U. S. Securities and Exchange Commission
Washington, D. C. 20549

       FORM 10-Q


For the quarterly period ended December 31, 2010

[   ]
For the transition period from _____ to _____

Commission File Number 0-27175

(Exact name of registrant as specified in its charter)

(State of Other Jurisdiction of incorporation or organization)
(I.R.S. Employer I.D. No.)

49 Fuxingmennei Street, Suite 310, Beijing, P.R. China 100031
(Address of principal executive offices) (Zip Code)
Indicate  by check mark  whether the  Registrant  (1) has filed all reports required to be filed by Sections 13 or 15(d) of the  Securities Exchange Act of 1934  during  the  preceding  12 months  (or for such shorter  period  that the Registrant was required to file such reports),  and (2) has been subject to such filing requirements for the past 90 days.    Yes  X                    No __

Indicate by check mark whether the registrant has submitted electronically and posted on its corporate Web site, if any, every Interactive Data File required to be submitted and posted pursuant to Rule 405 of Regulation S-T (§232.405 of this chapter) during the preceding 12 months (or for such shorter period that the registrant was required to submit and post such files.)  Yes      No_
Indicate by check mark whether the registrant is a large accelerated filer, an accelerated filer, a non-accelerated filer, or a smaller reporting company.  See the definitions of “large accelerated filer,” “accelerated filer” and “smaller reporting company” in Rule 12b-2 of the Exchange Act. (Check One)
Large accelerated filer ___       Accelerated filer  ____      Non-accelerated filer  ___      Smaller reporting company _X_
Indicate by check mark whether the Registrant is a shell company (as defined in Rule 12b-2 of the Exchange Act).  Yes __       No   X
As of May 23, 2011, 5,954,257 shares of common stock, par value $.001 per share, were outstanding.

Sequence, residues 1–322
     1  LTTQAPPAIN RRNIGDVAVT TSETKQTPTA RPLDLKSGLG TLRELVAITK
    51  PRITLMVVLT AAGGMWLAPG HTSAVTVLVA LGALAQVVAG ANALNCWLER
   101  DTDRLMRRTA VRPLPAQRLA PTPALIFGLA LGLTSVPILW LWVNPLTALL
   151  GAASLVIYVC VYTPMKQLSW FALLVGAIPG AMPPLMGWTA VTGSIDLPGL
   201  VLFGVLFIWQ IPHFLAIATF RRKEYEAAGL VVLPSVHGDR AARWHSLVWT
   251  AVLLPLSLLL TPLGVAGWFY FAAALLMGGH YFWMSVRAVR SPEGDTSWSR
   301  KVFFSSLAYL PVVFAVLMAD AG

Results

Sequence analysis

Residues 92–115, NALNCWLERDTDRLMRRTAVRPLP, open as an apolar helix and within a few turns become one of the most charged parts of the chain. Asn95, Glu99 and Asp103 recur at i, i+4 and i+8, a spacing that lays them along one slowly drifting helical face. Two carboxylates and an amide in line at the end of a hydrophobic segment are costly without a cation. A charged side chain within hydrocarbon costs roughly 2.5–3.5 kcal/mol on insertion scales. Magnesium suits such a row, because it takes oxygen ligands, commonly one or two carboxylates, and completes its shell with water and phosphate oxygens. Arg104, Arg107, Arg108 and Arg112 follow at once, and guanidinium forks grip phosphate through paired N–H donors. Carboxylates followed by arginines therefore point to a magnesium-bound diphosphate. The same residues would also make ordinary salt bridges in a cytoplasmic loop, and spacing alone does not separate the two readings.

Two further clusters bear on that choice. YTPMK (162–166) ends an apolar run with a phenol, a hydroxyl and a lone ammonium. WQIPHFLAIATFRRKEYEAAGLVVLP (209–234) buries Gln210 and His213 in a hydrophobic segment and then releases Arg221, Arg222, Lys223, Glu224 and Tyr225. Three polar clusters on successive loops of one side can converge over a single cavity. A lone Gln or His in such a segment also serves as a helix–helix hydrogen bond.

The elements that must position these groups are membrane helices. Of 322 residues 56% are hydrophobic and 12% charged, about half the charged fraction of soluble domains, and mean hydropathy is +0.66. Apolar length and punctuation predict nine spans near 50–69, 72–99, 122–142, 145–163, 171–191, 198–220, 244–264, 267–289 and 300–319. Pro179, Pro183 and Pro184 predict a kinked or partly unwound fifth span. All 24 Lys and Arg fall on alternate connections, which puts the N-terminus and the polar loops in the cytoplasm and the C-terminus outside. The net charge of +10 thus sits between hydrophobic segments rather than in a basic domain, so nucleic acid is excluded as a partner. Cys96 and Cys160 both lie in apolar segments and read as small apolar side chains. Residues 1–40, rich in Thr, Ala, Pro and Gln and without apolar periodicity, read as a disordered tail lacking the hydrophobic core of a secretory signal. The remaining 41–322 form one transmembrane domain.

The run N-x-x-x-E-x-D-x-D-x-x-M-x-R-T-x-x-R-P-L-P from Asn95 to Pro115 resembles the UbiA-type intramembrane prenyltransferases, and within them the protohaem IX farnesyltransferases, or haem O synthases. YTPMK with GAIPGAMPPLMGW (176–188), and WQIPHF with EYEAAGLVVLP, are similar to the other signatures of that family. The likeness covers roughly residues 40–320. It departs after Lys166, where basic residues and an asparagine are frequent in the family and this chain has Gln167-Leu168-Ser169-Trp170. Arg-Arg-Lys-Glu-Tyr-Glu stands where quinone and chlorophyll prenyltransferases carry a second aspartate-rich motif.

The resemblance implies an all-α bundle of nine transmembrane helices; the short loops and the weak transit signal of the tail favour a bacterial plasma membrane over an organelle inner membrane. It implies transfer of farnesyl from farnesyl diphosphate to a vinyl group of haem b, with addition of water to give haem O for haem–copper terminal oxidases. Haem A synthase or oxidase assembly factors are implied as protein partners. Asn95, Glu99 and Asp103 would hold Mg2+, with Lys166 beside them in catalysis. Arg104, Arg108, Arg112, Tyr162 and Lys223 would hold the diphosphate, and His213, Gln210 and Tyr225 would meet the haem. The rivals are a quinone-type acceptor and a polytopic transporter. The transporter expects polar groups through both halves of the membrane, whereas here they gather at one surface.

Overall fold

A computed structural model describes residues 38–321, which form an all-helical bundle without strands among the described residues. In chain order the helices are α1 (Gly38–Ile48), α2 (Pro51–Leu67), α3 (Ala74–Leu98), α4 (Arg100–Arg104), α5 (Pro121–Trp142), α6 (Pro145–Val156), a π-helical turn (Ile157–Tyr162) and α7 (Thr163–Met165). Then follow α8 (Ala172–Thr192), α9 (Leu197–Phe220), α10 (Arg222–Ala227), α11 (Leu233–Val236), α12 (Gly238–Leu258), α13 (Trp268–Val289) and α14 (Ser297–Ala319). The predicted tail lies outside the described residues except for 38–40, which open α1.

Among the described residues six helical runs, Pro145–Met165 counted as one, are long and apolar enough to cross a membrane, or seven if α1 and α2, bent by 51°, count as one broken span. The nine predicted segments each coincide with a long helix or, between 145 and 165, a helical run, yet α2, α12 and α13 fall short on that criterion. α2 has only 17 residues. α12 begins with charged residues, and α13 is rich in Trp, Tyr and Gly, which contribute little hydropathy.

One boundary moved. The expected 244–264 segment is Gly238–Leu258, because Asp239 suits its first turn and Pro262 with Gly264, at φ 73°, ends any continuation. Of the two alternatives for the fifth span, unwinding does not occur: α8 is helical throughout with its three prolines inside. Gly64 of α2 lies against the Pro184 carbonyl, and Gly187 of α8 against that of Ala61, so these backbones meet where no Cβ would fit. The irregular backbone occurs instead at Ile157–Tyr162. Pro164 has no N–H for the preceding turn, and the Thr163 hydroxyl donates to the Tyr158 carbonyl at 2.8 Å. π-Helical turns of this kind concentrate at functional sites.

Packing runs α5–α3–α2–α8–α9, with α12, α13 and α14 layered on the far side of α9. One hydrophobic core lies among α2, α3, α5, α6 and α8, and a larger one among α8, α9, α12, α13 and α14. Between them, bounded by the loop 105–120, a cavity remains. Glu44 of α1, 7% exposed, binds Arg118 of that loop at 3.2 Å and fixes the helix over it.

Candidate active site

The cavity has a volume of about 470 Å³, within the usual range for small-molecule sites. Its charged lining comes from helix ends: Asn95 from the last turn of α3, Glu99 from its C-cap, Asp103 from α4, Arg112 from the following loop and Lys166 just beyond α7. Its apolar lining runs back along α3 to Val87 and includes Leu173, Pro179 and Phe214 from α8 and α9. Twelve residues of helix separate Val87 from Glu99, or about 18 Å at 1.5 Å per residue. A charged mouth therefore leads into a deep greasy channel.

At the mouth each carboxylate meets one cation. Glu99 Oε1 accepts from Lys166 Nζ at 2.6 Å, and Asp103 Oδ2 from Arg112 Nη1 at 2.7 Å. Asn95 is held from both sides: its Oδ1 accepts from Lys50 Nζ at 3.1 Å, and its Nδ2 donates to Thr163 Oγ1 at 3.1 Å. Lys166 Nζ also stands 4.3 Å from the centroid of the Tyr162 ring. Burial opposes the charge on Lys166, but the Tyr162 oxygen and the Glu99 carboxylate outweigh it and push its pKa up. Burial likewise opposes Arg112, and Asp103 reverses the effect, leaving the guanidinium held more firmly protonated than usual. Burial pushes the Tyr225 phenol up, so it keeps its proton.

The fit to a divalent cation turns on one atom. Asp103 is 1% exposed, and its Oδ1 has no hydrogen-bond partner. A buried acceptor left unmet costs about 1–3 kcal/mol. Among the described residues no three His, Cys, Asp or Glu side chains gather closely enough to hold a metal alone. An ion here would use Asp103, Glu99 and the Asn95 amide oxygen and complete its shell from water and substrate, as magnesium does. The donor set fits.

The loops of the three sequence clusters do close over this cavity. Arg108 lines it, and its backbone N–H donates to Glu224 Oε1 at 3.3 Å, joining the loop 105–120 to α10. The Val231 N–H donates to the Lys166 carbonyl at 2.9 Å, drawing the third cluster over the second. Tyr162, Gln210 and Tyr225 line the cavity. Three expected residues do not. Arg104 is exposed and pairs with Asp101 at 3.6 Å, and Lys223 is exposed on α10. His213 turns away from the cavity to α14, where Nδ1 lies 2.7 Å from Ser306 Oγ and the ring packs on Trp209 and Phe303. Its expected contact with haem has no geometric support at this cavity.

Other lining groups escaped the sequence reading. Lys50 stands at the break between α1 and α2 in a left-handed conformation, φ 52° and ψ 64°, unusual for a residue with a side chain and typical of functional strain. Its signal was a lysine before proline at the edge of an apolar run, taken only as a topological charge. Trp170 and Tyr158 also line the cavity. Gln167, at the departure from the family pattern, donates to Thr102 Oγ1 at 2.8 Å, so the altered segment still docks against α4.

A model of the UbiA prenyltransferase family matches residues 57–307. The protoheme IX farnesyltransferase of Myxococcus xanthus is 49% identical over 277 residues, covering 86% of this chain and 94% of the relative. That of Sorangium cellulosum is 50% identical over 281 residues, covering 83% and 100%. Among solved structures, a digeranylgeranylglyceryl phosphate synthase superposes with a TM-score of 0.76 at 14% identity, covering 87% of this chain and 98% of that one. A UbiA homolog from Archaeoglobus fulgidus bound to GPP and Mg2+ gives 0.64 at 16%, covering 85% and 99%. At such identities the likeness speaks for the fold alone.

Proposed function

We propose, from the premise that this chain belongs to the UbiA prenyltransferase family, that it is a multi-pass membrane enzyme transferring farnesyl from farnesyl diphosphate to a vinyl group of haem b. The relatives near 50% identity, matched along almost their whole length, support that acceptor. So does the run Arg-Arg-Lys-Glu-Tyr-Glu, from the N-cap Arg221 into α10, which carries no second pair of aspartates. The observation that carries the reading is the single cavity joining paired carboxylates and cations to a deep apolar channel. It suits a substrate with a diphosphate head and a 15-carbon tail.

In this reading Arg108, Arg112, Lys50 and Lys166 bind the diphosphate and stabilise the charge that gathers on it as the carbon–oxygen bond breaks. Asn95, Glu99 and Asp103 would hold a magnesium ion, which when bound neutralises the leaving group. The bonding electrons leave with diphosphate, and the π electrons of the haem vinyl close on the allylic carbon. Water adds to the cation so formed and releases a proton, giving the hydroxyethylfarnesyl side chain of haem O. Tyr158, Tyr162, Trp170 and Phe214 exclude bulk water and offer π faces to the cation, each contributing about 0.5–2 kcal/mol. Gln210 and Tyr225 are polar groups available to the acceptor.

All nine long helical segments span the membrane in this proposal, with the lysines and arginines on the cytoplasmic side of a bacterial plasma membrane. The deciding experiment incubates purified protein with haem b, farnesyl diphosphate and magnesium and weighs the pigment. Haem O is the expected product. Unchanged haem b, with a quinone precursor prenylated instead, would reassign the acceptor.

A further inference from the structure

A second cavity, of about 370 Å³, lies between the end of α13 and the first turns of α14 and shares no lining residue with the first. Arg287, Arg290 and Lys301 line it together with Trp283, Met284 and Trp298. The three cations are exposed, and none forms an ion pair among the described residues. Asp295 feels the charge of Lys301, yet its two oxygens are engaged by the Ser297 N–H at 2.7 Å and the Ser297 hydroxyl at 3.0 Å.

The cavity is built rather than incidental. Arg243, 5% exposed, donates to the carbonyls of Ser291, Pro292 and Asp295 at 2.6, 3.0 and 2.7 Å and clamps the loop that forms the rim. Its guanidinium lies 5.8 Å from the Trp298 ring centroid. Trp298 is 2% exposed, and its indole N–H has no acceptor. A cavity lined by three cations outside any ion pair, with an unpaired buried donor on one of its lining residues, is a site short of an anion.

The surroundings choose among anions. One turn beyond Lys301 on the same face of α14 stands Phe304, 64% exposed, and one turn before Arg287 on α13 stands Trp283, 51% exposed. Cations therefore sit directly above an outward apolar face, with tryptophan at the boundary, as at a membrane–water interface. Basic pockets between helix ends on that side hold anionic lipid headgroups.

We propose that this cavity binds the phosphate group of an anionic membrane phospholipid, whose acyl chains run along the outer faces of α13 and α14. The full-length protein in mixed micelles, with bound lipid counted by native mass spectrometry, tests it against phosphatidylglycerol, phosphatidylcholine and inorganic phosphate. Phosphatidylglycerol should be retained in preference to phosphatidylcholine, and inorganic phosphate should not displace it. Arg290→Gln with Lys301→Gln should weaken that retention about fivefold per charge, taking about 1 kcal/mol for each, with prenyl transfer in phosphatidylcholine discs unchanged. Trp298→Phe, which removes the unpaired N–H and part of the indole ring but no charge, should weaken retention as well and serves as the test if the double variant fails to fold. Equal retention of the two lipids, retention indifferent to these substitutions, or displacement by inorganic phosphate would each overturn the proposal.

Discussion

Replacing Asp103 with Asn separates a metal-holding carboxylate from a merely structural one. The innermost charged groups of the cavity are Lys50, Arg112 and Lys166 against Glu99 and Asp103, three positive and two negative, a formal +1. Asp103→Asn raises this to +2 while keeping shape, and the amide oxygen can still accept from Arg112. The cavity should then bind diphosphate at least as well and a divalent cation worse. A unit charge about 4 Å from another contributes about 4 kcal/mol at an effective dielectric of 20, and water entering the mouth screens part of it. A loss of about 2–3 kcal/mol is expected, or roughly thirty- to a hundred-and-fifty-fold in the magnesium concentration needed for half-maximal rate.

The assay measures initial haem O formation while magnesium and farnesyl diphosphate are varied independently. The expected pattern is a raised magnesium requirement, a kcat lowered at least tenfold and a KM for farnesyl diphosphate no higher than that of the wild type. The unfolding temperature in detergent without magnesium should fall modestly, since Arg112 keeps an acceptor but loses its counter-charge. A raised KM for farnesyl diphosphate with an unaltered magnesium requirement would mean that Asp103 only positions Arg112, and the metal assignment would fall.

December 31
March 31
Current Assets:
Cash and cash equivalents
  $ 79,048     $ 138,345  
Accounts receivable
    128,779       70,017  
Other account receivable-net
    621,417       648,170  
Advanced to suppliers
    72,816       17,604  
Inventory (net)
    572,386       440,871  
Prepaid Expenses
    151,082       146,102  
Total Current Assets
    1,625,528       1,461,109  
Property, Plant & Equipment, net
    1,775,813       1,756,857  
Intangible assets, net
    473,251       457,654  
Total Assets
    3,874,593       3,675,620  
December 31
March 31
Current Liabilities:
Accounts Payable
    680,659       658,223  
Advance from Customers
    129,704       125,429  
Tax Payable
    83,691       78,588  
Accrued expenses and other payable
    1,144,639       864,522  
Total Current Liabilities
    2,038,691       1,726,762  
Long-Term Liabilities:
Loan from stockholders
    1,946,853       1,882,656  
Total Long-Term Liabilities
    1,946,853       1,882,656  
Total  Liabilities
    3,985,545       3,609,418  
Stockholders' Equity:
Preferred stock-series A, convertible, par value $0.001, 153,442 shares
   issued and outstanding
    153       153  
Preferred stock- series C, convertible, par value $0.001, 3,600 shares
authorized and 3,600 shares issued and outstanding , convertible
 to common stock at 1 to 10,000
    360,000       360,000  
Preferred stock, 99,896,000 authorized, 0 share issued and outstanding
    -       -  
Common stock, par value $0.001, 100,000,000 shares authorized
  5,954,257 shares issued and outstanding
    5,954       5,954  
Additional paid in capital
    2,047,833       2,047,833  
Accumulated other comprehensive income
    (64,377 )     (62,683 )
Retained Earnings
    (2,460,515 )     (2,285,055 )
Total Stockholders' Equity
    (110,952 )     66,202  
Total Liabilities and Stockholders' Equity
  $ 3,874,593     $ 3,675,620  



For the Three Months Ended June 30,
For the Nine Months Ended
September 31,
December 31,
    $ 894,752     $ 12     $ 894,752     $ 36,413  
Cost of Goods Sold
      779,368       33       779,368       96,335  
Gross Profit
      115,383       (21 )     115,383       (59,922 )
Operating Expenses:
Sales Expenses
      13,982       -       42,577       1,466  
General and Administrative Expenses
    88,002       306,115       245,863       439,243  
Total Operating Expenses
    101,984       306,115       288,440       440,709  
Income from Operations
      13,399       (306,136 )     (173,057 )     (500,631 )
Other Income and (Expense):
Other Income
      -       -       -       33  
Financial Expense
      83       -139       -66       -64  
Other Income/(Expenses)
      83       -139       -66       -31  
Income Before Income Taxes
      13,482       (306,275 )     (173,123 )     (500,662 )
Provision For Income Taxes
      (2,337 )     -       (2,337 )     (455 )
Net Income (Loss)
      15,819       -306,275       (175,460 )     (501,117 )
Other Comprehensive Items: